Station 10: Wildfire
You can see the effects of wildfire on plant succession at this location. The tree canopy is more open and more brush is present. Young trees are just now beginning to grow and eventually will shade out much of the brushy understory. Fire is a natural part of the forest’s ecosystem. When small and not too hot, fire can have beneficial effects. For example, fire can return nutrients to the soilfrom plants, thin densely populated trees, rejuvenate growth of forage plants for wildlife, control infestations of insects and disease, and reduce plant material that could fuel a large, hot fire. Fire-tolerant trees, such as mature ponderosa pine, can survive repeated occurrences of low-intensity ground fires.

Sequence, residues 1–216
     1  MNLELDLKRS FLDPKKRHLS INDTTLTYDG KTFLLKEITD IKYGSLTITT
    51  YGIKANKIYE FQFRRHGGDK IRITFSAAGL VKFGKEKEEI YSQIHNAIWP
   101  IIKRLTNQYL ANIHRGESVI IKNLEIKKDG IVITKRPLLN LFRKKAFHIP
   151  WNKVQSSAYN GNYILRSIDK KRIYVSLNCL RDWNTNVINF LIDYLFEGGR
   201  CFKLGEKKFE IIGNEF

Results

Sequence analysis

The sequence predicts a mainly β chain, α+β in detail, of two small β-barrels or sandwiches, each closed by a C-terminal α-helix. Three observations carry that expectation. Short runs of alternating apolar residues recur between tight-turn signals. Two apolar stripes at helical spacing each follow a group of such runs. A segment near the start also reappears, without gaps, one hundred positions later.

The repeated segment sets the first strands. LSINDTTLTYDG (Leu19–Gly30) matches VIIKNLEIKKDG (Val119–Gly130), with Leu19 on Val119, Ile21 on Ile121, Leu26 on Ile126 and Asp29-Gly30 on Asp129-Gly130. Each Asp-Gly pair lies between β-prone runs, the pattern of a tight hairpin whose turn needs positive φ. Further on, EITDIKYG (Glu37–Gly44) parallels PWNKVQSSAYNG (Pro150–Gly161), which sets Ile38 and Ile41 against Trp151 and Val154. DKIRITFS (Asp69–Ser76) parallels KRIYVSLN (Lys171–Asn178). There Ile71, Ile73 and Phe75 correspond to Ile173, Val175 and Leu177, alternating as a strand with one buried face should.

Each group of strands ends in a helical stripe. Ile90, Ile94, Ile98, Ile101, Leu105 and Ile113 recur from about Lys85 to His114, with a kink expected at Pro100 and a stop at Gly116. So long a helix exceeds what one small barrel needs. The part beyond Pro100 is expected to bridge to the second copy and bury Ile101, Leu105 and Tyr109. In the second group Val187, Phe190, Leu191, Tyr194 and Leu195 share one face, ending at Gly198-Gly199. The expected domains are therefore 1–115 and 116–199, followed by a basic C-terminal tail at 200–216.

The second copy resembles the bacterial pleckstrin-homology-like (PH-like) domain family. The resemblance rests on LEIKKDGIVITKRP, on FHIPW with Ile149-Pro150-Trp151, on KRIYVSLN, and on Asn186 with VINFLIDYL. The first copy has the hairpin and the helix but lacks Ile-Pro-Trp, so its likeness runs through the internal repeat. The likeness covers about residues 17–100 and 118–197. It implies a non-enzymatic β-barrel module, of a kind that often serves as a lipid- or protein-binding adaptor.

Aggressive fire suppression has allowed excessive plants to accumulate to dangerous levels in many forests. The potential exists for a low-intensity ground fire to become a raging inferno. Not only do they destroy valuable timber, but these fires can increase serious soil erosion by removing groundcover. Also, large, high-intensity fires that race through the forest’s crown can leave an unpleasant sight for the visitor. BLM recognizes that fire is a natural part of the forest ecosystem and can have beneficial effects, so not all fires are immediately suppressed. However, too many fires, or very hot fires can be destructive. Please be careful with your campfires and matches.